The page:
Men’s Health Month

November is Men’s Health Month. This is a time to encourage everyone to talk about men’s health and highlight the issues that many face throughout their lives. Issues like mental health.

Of course, mental health is not just an issue for men, everyone can experience it. However, statics show that men are less adept at handling these emotions when they arise. In the UK, around 75% of suicides are committed by men and within the construction industry, two men take their own lives every day.  Depression and anxiety are now more common in the construction industry than any physical disorder.

Here at Walter Lilly we always prioritise our people, they are the core of our company. Therefore, it is imperative that we look after each other, provide support to everyone we meet and continue to make mental health a priority. Some of our employees are trained as Mental Health First Aiders and our Health Assured membership allows employees to seek professional support.

Here’s what some of our Mental Health First Aiders have to say about mental health:

“Never be afraid to ask for help, advice or just ask for some breathing space. No question will be thought of as silly or not important. Sometimes just saying something out loud already makes it easier to digest.” – Erica Denman, Assistant Engineer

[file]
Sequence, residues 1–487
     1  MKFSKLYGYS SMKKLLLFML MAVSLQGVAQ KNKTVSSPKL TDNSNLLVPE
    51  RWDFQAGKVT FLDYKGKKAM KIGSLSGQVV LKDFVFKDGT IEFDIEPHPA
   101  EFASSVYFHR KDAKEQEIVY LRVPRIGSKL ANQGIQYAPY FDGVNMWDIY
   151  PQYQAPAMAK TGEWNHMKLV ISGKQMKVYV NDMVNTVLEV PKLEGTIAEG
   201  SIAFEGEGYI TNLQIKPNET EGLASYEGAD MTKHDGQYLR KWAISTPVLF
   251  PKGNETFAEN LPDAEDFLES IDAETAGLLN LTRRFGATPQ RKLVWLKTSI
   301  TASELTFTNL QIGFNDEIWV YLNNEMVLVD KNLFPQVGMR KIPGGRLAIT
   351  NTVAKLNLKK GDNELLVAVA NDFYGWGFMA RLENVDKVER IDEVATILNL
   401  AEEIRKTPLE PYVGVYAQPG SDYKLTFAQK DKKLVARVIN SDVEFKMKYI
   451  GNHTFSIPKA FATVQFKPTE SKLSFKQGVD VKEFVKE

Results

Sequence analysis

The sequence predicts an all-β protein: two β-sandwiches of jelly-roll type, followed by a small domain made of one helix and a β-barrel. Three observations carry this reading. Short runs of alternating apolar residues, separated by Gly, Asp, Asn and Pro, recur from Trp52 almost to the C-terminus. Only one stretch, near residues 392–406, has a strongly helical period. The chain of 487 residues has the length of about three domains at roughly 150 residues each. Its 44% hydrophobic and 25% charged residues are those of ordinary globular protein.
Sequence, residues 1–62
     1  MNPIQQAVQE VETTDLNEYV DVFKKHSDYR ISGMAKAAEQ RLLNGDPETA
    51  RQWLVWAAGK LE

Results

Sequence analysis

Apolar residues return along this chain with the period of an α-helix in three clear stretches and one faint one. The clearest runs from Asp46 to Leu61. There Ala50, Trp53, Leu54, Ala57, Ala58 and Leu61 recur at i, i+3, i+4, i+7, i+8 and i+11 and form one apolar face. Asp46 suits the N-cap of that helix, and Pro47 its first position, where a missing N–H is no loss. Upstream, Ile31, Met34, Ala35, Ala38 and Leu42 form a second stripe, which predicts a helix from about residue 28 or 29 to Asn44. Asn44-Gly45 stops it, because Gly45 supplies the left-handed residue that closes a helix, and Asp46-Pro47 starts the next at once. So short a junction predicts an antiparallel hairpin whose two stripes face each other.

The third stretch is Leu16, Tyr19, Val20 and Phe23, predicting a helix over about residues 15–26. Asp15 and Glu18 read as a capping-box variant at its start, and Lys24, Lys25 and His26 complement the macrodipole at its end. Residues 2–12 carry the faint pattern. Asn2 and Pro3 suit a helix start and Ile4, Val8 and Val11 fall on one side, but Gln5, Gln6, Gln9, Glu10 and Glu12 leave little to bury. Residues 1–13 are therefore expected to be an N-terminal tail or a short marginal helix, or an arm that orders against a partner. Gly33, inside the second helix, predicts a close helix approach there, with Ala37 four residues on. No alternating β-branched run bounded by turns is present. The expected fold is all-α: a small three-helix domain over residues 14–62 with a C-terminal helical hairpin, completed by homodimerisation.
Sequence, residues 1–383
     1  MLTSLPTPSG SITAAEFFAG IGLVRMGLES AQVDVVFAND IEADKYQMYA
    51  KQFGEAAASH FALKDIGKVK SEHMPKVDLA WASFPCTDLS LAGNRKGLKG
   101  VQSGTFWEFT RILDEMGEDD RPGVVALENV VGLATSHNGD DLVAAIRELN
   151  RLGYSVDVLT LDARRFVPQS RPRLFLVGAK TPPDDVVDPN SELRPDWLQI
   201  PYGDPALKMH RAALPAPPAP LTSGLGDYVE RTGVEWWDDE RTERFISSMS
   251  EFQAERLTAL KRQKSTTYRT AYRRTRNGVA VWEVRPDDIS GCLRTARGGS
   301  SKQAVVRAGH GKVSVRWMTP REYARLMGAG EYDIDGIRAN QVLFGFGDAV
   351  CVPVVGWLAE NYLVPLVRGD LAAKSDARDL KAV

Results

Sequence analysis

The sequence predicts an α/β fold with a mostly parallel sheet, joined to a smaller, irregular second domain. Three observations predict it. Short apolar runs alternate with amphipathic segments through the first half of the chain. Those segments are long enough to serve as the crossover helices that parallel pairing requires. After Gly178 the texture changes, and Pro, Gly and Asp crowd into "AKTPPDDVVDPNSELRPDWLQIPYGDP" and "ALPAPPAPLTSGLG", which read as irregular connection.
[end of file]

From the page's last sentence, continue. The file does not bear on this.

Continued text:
“A problem shared is a problem halved. No one should sit in silence suffering, talk to someone who is able to advise where the right help can be obtained to assist. Mental Health is an illness, like any other illness, and should be treated as such by all.” – Malcolm Burton, Senior Bid Manager

“Open up and talk. You will be surprised by the reaction.  For those listening, ask more than twice whether the individual is alright.” – Chris Butler, Managing Director

“Remove any stigma that you may have regarding mental health. We all have mental health; we all have good and bad days. For those who are having several bad days, there is always help.” – John Joyce, Operations Director

Our beneficiary charity, the Lighthouse Club, do brilliant work to support construction workers and their families that may be struggling to cope or find themselves in a crisis. They provide a range of proactive support and resources including their Construction Industry Helpline, free app, and mental health training.

While we have come a long way in changing the attitudes around men’s mental health, there are still too many men suffering in silence due to internalised gender norms. By supporting charities such as the Lighthouse Club, educating ourselves on the matter and looking out for each other, we can break this stigma together.

It is ok not to be ok but remember to reach out for support.

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